Skull of modern day birds depicts dinosaurs times: Ornithology
New Delhi : A new development in the field of ornithology details about the transition of beaks from dinosaurs age to modern times, today. Researchers have segmented together the three-dimensional skull of an iconic, toothed bird that represents a pivotal moment in the transition from archaic period to recent birds.
Ichthyornis dispar, a genus of toothed seabird is best known for evolutionary trail that leads from dinosaurian species to avians of modern times. It lived nearly 100 million years ago in North America and looked like a toothy seabird. It is the species which drew the attention of such famous naturalists as Yale's O.C. Marsh and Charles Darwin.
Despite the existence of partial specimens of Ichthyornis dispar, there has been no major new skull material beyond the scrappy remains first found in the 1870s. Now, a Yale based team mentions on new specimens with three-dimensional cranial remains, including one example of a complete skull and two previously ignored cranial elements that were part of the original specimen at Yale, that reveal new details about one of the most striking transformations in evolutionary history.
"Right under our noses this whole time was an amazing, transitional bird," said Yale paleontologist Bhart-Anjan Bhullar, principal investigator of a study published in the journal Nature. "It has a modern-looking brain along with a remarkably dinosaurian jaw muscle configuration."
Bhullar added that Ichthyornis dispar explains about the physical appearance of bird beak as it first appeared in nature.
"The first beak was a horn-covered pincer tip at the end of the jaw," said Bhullar, who is an assistant professor and assistant curator in geology and geophysics. "The remainder of the jaw was filled with teeth. At its origin, the beak was a precision grasping mechanism that served as a surrogate hand as the hands transformed into wings."
The research team used CT-scan technology, combined with specimens from the Yale Peabody Museum of Natural History; the Sternberg Museum of Natural History in Fort Hays, Kan.; the Alabama Museum of Natural History; the University of Kansas Biodiversity Institute; and the Black Hills Institute of Geological Research.
Co-lead authors of the new study are Daniel Field of the Milner Centre for Evolution at the University of Bath and Michael Hanson of Yale. Co-authors are David Burnham of the University of Kansas, Laura Wilson and Kristopher Super of Fort Hays State University, Dana Ehret of the Alabama Museum of Natural History, and Jun Ebersole of the McWane Science Center.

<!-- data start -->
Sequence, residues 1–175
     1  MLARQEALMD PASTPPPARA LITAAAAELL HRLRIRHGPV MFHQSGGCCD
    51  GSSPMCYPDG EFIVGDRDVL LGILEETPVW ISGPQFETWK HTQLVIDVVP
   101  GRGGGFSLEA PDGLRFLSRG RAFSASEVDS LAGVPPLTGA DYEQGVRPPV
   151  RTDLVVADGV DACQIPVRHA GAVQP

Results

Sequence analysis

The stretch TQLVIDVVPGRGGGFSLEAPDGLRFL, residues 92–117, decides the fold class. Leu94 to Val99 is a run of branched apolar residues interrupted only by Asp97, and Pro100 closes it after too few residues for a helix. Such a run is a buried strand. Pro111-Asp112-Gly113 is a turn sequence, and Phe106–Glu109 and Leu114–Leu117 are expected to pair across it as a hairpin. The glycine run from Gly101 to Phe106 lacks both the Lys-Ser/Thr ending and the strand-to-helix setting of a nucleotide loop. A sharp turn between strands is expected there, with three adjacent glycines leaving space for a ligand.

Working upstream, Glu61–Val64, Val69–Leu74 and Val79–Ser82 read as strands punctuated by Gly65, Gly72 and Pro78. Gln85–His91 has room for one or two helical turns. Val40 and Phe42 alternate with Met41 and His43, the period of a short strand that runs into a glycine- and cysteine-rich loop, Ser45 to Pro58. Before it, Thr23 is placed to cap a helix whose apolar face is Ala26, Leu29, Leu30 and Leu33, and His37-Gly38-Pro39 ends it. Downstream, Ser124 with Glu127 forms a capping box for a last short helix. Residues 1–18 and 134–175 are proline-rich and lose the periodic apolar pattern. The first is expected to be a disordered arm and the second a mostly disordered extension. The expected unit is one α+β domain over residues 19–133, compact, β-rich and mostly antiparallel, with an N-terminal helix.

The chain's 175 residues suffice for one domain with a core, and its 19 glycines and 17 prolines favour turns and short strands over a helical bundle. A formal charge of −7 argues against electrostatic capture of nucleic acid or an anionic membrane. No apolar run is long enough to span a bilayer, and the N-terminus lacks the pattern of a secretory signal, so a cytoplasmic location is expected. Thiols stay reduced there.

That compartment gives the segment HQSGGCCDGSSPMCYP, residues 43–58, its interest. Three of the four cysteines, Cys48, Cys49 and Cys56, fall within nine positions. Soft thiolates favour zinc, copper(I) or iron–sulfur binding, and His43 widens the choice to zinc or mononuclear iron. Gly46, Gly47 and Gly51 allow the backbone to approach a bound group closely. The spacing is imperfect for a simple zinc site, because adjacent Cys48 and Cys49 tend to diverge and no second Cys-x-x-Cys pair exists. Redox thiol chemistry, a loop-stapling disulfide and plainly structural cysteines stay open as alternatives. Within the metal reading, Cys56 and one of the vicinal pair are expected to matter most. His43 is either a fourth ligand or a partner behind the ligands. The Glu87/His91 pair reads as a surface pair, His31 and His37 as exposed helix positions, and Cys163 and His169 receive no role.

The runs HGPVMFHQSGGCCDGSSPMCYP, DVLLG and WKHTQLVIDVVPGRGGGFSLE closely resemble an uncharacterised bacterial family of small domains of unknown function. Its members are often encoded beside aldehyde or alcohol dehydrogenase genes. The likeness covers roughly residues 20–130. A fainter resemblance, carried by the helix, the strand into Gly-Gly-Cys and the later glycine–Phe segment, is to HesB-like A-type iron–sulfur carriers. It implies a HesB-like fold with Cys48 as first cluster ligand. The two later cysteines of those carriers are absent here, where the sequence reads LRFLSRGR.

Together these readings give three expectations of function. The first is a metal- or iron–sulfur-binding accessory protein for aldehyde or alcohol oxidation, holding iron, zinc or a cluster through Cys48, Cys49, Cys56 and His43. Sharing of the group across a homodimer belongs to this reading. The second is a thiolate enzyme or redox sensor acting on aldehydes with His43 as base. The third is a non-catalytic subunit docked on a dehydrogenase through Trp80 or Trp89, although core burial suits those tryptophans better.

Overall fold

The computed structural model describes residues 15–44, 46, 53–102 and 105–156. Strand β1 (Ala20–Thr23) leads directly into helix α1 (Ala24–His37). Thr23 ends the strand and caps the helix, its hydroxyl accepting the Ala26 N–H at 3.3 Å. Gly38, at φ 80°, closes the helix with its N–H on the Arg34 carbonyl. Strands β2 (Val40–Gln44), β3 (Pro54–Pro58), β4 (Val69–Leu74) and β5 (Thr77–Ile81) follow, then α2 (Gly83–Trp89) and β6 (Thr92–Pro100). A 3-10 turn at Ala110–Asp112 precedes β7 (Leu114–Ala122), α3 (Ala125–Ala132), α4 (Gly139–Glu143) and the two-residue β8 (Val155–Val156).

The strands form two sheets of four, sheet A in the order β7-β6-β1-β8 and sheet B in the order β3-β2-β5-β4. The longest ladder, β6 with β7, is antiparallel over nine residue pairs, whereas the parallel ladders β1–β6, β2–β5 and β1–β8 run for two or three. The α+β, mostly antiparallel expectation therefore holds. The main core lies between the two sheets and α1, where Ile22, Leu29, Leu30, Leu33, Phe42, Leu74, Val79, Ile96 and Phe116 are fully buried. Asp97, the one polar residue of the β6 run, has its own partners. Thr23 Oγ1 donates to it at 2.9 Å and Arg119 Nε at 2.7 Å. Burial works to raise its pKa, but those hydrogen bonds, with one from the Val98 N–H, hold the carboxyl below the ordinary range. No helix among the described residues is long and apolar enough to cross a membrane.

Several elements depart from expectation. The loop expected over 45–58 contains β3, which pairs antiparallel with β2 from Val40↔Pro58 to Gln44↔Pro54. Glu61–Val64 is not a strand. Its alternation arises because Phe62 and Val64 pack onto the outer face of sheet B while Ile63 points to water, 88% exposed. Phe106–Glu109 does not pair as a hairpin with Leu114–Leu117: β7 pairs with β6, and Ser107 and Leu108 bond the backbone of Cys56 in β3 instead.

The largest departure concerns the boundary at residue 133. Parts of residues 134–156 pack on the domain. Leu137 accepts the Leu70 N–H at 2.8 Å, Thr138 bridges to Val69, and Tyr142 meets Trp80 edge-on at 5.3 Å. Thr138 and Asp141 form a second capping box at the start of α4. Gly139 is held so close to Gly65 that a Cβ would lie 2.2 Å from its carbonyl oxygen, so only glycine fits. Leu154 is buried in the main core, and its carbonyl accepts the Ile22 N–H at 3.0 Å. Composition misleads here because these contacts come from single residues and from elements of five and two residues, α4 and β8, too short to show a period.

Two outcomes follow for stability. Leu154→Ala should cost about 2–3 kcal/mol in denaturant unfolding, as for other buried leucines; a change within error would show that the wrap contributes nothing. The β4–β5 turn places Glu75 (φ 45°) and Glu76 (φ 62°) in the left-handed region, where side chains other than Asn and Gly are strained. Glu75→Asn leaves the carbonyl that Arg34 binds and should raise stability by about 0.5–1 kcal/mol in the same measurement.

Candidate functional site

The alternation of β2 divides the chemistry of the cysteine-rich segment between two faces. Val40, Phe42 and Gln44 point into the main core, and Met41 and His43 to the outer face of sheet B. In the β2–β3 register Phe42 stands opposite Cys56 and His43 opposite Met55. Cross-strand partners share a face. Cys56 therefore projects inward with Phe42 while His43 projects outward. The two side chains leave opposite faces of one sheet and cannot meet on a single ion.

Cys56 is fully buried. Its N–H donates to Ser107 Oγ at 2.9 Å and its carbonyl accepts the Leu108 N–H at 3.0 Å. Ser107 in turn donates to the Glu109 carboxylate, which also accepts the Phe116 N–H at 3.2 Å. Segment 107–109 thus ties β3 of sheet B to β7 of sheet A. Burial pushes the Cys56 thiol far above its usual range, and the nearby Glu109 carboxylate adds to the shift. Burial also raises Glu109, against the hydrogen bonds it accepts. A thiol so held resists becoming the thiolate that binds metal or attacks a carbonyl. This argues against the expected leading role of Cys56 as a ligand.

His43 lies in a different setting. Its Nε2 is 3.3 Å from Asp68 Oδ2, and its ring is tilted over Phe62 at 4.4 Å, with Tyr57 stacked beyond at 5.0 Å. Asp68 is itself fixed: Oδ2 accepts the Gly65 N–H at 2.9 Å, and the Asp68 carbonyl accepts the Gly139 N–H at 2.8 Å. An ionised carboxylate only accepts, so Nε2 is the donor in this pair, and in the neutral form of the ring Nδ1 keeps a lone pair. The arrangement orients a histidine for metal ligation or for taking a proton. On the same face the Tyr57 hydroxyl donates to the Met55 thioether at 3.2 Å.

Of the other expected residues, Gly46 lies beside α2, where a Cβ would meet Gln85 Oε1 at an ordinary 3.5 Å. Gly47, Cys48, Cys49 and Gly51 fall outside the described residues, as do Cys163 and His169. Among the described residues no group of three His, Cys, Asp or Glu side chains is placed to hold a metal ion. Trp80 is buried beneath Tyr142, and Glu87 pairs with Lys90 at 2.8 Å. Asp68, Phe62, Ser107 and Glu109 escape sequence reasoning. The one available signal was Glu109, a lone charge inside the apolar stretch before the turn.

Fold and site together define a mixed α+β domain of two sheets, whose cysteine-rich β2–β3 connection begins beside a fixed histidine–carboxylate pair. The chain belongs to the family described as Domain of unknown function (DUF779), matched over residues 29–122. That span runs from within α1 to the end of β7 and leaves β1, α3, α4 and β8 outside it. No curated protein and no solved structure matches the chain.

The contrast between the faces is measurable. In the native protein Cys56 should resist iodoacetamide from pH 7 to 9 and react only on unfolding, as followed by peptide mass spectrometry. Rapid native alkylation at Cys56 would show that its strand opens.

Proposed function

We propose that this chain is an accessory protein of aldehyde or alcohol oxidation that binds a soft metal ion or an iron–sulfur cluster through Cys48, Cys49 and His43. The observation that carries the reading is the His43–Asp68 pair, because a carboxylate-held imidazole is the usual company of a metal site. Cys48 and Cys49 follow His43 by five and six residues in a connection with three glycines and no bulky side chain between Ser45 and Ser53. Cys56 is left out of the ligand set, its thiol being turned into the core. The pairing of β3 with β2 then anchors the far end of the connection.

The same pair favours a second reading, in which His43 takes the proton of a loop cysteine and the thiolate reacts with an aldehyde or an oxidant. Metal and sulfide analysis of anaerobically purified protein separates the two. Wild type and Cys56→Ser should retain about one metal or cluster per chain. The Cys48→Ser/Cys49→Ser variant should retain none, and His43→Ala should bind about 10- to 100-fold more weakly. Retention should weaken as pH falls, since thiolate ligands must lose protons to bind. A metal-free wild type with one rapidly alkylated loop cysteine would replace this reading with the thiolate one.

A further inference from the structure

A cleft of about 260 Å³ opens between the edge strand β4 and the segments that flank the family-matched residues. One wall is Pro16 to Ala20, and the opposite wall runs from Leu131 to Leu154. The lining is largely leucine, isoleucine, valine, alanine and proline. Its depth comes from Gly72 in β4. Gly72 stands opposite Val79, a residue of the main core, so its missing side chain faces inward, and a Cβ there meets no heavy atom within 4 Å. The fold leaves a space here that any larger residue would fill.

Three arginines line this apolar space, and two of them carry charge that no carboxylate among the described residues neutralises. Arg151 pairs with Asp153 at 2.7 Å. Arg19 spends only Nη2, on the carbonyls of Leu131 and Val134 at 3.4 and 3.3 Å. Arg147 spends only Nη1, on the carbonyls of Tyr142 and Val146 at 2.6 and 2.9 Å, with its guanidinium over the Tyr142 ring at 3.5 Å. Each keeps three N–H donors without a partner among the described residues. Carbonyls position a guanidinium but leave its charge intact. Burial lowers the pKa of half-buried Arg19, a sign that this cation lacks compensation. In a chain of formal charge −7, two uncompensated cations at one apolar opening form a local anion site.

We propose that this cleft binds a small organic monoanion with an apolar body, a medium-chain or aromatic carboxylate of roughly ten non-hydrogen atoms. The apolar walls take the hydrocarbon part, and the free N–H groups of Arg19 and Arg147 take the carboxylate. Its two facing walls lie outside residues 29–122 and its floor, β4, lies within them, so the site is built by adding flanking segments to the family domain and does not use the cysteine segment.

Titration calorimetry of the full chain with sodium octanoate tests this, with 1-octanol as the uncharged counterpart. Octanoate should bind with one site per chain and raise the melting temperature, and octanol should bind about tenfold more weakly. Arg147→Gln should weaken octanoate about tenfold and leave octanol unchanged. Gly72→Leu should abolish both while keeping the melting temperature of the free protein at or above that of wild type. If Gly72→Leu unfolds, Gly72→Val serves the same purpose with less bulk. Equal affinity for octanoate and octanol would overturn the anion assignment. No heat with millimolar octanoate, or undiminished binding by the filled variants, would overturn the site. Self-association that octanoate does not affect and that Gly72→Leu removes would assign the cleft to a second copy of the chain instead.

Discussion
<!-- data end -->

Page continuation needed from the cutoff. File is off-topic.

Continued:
"The fossil record provides our only direct evidence of the evolutionary transformations that have given rise to modern forms," said Field. "This extraordinary new specimen reveals the surprisingly late retention of dinosaur-like features in the skull of Ichthyornis -- one of the closest-known relatives of modern birds from the Age of Reptiles."
The researchers claim that their findings offer new insight into how modern birds' skulls eventually formed. Along with its transitional beak, Ichthyornis dispar had a brain mostly similar to modern birds but a temporal region of the skull was noticeably like a dinosaur, indicating that during the evolution of birds, the brain transformed first while the parts of the skull remained more ancient and dinosaur-like.
"Ichthyornis would have looked very similar to today's seabirds, probably very much like a gull or tern," said Hanson. "The teeth probably would not have been visible unless the mouth was open but covered with some sort of lip-like, extra-oral tissue."
Bhullar's lab has produced a large body of research on various aspects of vertebrate skulls, often focusing on the origins of the avian beak. "Each new discovery has reinforced our previous conclusions. The skull of Ichthyornis even substantiates our molecular finding that the beak and palate are patterned by the same genes," Bhullar said. "The story of the evolution of birds, the most species-rich group of vertebrates on land, is one of the most important in all of history. It is, after all, still the age of dinosaurs."